I had a hang-up recently. Before I hardly got the words out of my mouth, the person I was trying to reach regarding a press release she sent, blurted, “No, thanks” and hung up the phone. Well, I did make a second phone attempt and then an e-mail, and she responded that she gets so many calls about magazine subscription renewals that when she hears the name of a magazine, she just automatically goes into negative mode.
Some refuse to talk to us because they think we’re trying to sell them an ad. Not that I wouldn’t like to sell them an ad—it’s just not my job. But if they want to buy an ad, I can put them in contact with those in our organization who do sell ads. At least take the time to learn the difference between “editorial” staff and “ad sales” personnel.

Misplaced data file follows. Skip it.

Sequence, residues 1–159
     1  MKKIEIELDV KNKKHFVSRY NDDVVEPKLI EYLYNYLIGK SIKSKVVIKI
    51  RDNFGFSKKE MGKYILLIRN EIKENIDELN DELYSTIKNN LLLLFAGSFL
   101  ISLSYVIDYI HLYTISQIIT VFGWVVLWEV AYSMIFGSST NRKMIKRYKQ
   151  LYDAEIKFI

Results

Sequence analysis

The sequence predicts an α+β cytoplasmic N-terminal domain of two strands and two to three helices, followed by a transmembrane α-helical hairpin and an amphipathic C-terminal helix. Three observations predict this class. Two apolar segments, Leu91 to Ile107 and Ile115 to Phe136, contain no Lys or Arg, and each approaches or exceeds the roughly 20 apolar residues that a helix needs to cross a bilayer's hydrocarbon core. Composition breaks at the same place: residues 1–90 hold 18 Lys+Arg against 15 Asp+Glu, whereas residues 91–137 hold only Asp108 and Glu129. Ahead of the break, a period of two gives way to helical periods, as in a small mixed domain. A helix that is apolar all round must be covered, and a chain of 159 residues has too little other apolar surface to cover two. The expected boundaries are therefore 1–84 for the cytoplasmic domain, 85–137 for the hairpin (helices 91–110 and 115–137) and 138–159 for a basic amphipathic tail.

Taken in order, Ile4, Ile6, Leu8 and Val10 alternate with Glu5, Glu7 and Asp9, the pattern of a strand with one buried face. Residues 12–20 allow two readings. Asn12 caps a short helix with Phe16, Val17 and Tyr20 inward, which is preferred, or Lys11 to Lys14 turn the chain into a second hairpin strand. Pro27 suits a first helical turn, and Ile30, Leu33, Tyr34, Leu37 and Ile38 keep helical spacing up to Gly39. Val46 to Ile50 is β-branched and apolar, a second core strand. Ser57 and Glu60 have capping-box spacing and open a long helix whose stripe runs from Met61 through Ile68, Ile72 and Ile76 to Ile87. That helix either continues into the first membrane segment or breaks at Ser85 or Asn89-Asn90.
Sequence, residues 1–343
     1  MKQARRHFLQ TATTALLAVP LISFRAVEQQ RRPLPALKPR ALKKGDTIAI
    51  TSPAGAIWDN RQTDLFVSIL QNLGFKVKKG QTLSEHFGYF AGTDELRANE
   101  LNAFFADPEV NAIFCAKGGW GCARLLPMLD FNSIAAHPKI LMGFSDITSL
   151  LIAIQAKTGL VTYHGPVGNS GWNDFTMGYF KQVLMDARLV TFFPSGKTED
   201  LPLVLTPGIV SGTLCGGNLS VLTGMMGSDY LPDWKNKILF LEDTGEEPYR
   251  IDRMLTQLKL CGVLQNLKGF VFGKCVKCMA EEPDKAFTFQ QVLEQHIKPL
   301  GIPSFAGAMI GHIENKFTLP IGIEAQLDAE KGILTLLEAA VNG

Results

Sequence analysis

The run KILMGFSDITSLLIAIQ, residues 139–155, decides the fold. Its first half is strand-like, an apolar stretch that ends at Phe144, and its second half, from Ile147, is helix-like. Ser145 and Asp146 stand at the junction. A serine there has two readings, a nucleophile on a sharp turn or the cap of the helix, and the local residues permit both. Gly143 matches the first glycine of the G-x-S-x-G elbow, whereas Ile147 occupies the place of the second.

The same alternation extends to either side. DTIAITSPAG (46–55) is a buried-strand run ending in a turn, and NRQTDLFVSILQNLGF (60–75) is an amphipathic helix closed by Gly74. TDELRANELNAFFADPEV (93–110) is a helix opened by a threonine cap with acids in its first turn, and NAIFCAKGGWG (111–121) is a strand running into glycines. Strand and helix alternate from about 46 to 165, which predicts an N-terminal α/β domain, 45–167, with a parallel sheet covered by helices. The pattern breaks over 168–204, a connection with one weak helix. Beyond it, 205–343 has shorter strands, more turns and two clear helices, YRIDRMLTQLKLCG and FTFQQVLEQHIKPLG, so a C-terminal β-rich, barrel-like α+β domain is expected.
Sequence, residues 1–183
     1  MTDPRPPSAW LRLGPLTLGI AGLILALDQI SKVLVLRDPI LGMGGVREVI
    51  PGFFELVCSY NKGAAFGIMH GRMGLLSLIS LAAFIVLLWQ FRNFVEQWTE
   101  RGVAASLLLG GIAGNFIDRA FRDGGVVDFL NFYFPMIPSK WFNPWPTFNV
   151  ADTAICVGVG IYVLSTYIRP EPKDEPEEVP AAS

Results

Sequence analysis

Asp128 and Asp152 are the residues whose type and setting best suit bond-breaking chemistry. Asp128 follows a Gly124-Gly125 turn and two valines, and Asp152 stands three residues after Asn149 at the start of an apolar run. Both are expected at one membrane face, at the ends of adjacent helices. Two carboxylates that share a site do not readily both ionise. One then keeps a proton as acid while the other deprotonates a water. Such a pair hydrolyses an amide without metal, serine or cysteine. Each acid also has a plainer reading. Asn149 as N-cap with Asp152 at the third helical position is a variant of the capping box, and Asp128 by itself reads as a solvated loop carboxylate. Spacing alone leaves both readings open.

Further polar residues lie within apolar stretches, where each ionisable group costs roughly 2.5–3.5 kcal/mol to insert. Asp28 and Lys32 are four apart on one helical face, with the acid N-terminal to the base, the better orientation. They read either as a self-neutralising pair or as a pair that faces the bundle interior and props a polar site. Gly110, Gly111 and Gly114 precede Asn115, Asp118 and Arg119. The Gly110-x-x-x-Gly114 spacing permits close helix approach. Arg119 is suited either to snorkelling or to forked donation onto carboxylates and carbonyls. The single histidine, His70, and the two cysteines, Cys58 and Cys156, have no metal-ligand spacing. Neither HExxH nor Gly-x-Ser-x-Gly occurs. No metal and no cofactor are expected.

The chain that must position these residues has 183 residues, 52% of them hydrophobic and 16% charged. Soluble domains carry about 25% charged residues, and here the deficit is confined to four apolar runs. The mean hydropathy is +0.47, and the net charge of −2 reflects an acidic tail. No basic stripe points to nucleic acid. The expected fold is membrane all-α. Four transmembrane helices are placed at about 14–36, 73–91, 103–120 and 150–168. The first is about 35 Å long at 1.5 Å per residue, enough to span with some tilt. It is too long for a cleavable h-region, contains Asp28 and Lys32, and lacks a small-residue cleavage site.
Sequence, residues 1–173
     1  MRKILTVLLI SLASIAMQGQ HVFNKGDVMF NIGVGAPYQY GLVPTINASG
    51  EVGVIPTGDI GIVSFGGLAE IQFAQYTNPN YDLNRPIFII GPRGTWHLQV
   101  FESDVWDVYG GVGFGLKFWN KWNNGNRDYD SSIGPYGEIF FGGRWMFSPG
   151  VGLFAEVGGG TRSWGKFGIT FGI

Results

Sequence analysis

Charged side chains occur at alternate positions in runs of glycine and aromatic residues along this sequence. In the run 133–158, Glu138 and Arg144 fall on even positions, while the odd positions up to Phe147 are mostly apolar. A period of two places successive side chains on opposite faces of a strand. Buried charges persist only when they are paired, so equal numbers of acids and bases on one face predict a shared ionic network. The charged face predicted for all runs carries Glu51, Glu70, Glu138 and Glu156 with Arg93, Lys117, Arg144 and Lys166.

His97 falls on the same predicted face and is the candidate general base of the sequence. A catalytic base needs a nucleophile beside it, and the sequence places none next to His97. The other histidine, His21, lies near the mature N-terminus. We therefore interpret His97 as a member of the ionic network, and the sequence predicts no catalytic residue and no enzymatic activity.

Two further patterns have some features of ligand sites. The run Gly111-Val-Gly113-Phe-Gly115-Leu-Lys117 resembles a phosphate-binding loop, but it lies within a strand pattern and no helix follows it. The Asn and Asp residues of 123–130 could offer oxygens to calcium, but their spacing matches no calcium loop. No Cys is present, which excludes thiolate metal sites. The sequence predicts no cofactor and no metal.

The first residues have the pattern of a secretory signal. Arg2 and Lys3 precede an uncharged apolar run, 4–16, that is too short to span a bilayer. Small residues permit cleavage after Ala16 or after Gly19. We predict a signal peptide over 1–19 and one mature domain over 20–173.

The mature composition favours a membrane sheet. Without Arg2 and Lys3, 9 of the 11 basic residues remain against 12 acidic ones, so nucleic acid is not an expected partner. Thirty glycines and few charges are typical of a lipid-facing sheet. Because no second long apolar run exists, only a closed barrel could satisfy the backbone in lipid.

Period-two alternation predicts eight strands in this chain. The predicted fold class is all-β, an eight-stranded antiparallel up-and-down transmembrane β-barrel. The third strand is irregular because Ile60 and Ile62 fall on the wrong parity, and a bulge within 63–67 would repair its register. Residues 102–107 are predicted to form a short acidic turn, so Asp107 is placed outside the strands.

I remember a number of years ago trying to get a particularly well-known, large custom molder to talk to me for an article I was working on who consistently refused. No amount of pleading worked. Finally, the marketing person said, “We have enough customers and our customers know us and we know them. We don’t need other molders reading about us.”
Well, okay then! I’ve never called that company back ever again. If they have enough customers, more power to them. I’m happy for them! They don’t need the free publicity, so I’ll save that editorial space for a company who does and is grateful to get it.
I can respect the fact that everyone is busy, but the trade press is critical to any company’s marketing and sales strategy. No matter how good you think your own in-house publicity department is, the trade press lends credibility to your company’s name, and its products and services. So don’t spurn us. And you just might find out that there’s a company out there that is destined to become your next biggest and best-paying customer because they read about you in Modern Plastics Worldwide, Injection Molding Magazine, or PlasticsToday.com. —Clare Goldsberry